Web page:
Protecting Your Coins – You Can Never Be Too Careful
You may think that encryption is secure, but hackers know how to crack it
Being a proud owner of Bitcoin (BTC), Ethereum (ETH) or any other altcoin, one of your first concerns is how to safeguard your private keys and passwords. The only reason why someone else can access your account is because they successfully got your key.
Everything on the web is vulnerable to hacker attacks, including your online wallets and private keys – never leave them unattended or post them in any thread or wallet address box. Another way of stealing your datа is through email links or pop-ups to potential phishing sites and virus downloads.
Beware of keylogger viruses that can read what you type and steal your passwords. Set the history on your computer to delete after closing the browser and use strong and different passwords for your accounts. It is a good idea to use a 2FA password.
Avoid clicking suspicious links sent to you by private messages or shared on any social media sites, and be careful when logging into the web. For more security, you can add blockfolio or imtoken to your phone. Invest in a good antivirus plus malware and an enhanced security system.
Hot storage vs Cold storage
Hot storage means that your device is connected to the web and can be easily hacked. If necessary and for convenience use it for small amounts of coins. It is preferable not to use online wallets, cloud storage like Dropbox, and Google Drive for big amounts of money. It is preferable to access websites through bookmarks or by directly writing the address than through Google, which is easy to use but you might be giving hackers your money on a platter.
CoinBase, one of the major US exchanges based in San Francisco stores up to 97% of its coins in hardware or paper wallets, which are regarded as "cold storage". A paper wallet is a document containing all of the data necessary to generate any number of Bitcoin private keys.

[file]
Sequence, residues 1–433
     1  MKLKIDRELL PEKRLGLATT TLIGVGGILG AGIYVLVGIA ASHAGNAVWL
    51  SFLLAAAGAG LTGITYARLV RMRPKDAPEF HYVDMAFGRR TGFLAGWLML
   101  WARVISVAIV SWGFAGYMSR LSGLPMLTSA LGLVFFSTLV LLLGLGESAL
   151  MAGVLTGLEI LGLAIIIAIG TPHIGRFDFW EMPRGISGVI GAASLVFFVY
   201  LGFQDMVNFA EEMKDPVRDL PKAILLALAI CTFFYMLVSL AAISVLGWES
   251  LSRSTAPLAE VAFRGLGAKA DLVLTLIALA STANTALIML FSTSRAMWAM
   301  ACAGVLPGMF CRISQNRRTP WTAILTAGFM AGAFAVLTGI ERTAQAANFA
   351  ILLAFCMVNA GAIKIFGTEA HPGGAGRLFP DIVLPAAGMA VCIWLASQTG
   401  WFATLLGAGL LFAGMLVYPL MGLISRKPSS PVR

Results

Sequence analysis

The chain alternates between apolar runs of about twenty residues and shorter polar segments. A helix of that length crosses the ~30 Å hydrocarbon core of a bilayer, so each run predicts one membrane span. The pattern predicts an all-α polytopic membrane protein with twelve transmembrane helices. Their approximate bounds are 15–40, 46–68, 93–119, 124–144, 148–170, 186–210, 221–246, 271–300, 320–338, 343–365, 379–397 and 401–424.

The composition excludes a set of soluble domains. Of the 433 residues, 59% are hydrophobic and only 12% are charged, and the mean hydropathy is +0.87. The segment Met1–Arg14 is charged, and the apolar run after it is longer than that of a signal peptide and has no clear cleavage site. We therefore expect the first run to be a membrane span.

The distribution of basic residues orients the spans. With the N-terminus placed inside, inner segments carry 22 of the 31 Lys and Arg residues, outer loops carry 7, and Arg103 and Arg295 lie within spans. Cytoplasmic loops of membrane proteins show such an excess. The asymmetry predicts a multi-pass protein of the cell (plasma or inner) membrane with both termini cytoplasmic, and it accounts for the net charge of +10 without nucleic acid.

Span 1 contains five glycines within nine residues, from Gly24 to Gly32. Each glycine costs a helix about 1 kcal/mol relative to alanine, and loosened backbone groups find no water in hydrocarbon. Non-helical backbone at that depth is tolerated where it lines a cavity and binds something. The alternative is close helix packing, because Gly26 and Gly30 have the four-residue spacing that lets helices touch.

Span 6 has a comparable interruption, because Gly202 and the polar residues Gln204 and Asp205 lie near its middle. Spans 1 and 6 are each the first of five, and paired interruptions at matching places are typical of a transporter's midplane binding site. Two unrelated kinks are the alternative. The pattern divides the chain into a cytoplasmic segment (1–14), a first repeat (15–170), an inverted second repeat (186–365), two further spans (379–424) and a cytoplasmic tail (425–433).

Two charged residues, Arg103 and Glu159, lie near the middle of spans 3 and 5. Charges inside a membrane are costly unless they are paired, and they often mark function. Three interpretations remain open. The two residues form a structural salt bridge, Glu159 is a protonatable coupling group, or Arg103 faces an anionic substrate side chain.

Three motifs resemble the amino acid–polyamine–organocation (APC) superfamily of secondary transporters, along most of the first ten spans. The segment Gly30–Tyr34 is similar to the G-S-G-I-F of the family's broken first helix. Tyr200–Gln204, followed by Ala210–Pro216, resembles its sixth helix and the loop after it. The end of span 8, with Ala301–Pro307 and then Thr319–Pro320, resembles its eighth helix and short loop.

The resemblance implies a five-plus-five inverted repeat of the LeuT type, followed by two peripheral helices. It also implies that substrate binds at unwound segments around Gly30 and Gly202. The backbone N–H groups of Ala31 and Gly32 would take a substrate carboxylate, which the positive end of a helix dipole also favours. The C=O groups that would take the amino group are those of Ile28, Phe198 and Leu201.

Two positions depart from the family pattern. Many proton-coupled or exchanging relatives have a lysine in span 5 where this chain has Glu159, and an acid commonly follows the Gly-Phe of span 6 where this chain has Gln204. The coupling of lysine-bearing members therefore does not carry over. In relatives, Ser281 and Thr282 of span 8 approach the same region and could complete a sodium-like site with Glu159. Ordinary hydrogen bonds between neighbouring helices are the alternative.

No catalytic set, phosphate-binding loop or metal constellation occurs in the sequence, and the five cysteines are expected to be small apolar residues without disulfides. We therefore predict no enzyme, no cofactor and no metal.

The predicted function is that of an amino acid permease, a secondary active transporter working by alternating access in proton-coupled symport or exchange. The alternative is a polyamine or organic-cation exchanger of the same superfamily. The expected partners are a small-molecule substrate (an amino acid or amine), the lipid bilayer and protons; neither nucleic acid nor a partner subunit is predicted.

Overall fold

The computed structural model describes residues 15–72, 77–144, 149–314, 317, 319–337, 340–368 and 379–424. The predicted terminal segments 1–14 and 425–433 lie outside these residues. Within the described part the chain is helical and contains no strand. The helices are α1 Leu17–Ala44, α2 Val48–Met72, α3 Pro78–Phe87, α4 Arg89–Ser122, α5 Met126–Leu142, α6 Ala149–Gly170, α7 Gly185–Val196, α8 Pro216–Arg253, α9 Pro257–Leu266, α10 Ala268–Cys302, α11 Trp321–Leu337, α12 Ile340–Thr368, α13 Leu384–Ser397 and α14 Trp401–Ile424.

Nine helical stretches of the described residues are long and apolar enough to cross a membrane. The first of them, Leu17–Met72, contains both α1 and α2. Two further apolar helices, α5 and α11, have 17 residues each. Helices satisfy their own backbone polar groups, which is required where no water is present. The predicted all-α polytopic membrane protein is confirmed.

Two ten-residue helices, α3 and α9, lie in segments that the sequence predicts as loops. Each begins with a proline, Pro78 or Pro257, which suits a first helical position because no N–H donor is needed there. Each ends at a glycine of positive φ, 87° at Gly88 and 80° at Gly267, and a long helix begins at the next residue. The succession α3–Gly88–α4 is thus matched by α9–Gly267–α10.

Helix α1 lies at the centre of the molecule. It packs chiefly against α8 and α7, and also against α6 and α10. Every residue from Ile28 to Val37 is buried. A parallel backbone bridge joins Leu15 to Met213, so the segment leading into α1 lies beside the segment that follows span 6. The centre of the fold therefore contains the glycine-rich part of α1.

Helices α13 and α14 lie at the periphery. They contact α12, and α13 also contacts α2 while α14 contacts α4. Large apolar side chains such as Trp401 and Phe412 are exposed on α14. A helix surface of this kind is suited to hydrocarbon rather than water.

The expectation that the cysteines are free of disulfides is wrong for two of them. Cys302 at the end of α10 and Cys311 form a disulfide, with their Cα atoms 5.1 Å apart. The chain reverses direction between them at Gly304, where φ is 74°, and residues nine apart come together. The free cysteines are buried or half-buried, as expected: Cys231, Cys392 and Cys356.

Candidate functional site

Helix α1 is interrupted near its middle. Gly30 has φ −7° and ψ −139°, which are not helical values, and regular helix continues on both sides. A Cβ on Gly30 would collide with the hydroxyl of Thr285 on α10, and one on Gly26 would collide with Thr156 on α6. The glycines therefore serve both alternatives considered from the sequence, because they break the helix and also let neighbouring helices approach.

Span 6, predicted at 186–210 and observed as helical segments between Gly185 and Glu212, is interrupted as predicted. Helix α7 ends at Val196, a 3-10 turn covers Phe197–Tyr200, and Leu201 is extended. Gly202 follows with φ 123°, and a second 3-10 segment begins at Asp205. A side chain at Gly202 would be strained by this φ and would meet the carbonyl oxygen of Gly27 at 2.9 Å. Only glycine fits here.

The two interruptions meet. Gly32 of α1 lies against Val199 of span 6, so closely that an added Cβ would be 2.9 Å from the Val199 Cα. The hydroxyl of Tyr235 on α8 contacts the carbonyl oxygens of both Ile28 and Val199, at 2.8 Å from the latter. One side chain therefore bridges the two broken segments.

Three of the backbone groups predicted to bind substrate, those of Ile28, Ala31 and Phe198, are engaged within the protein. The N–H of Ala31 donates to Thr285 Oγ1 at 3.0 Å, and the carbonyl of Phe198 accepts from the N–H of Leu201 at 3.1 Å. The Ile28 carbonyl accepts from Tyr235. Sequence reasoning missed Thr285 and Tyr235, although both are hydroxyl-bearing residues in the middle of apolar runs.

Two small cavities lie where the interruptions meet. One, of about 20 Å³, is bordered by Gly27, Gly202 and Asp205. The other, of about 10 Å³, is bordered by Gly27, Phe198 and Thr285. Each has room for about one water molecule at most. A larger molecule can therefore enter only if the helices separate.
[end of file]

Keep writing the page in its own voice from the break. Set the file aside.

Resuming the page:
Plug in your old computer or Raspberry only to use it for crypto transactions. Don’t treat online wallets or exchanges as your personal wallet. It is a good habit to use a usb-flash drive or paper instead.
Keep your coins away from the exchanges. Use them for their purposes – manage your cryptoassets. Even huge exchanges like Bittrex get attacked. Last month cryptoexchange CoinSecure lost 438 Bitcoins in a hack.
Obviously, the best way to secure your wallet is to print it on paper usually in QR form. It can be pacoper, plastic or any other material as long as it is durable. They are generated by programs and the public and private keys are unique.
Some of the popular generators are WalletGenerator, BitcoinPaperWallet, BitAddress, PiperWallet and K-7 Wallet Generator.
They come in different shapes but commonly look like a usb drive. Get a hardware wallet from the manufacturer – not a reseller and never use a second-hand hardware wallet. They usually can be restored, but it is still safer to make a backup copy.
There is a variety of hardware wallets you can use like Ledger Nano S – supporting multiple addresses for each currency you use, Trezor – the multicurrency supporting wallets with signature signing, KeepKey which supports 12 word recovery sentence and is PIN protected, Cryo card - made of stainless steel, Cool wallet which is as big as your credit card and can fit into your wallet, multi-signature wallet Case, DigitalBitBox supporting multi-signatures, OpenDime and many others which have different extra features and settings.
Restoring cold storage wallets
To extract your cryptocurrency from cold storage, you have to import the private key into an online wallet. When you do, beware that now you are exposed to all the security risks existing with hot wallets. Do not keep your virtual coins in such storage longer than the minimum time possible. Now it is a good idea to set-up a new paper wallet in case the old one is compromised.
Even though no method is entirely free from hazard, storing coins offline drastically reduces the chances of losing your investment.
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